Hildegarde’s HarvestFebruary 22, 2009
I tried not to rush straight through Hildegarde’s Harvest, but I couldn’t help it. I thought I loved this series the first time I read it, but now that I’ve read it again, it’s become one of my favorite girls’ series, perhaps second only to Patty Fairfield.
Hildegarde’s Harvest is sort of split into two. In the first half, Hildegarde goes to New York for three days to stay with her Great-Aunt Emily and to sell some cakes she has made (little tulip-shaped almond ones, with a peach cream filling) so that she has enough money to buy Christmas presents. While in the city, she manages to run into Colonel Ferrers and Hugh who have been visiting friends, a number of girls who could be characters in an 1890s Gossip Girl, and all the main characters from Queen Hildegarde.
After her return home, the Merryweathers arrive for Christmas, Jack Ferrers returns from Germany, and Hildegarde pines a little for Roger Merryweather. Things wrap up without to much fanfare, and I’m left feeling a little sad that the series is over.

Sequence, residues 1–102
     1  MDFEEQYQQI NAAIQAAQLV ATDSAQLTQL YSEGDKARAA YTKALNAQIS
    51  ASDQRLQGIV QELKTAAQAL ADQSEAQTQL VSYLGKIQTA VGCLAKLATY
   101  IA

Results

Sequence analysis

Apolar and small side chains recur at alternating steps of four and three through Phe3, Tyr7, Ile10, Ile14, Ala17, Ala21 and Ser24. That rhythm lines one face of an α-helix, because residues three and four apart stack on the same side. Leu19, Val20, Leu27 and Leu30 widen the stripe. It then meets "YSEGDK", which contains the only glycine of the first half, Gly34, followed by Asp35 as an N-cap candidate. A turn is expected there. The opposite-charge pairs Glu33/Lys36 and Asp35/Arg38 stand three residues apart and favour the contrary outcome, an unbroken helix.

However, the really important thing about Hildegarde’s Harvest is that it opens with Hildegarde imagining a tea party she would like to give, to which she would invite Robin Hood, William of Orange, and Alan Breck Stuart, among others. She would have David Balfour as well, because she thinks he’d get along with Roger, but not any of King Arthur’s knights, because none of them has a sense of humor.
I love this girl.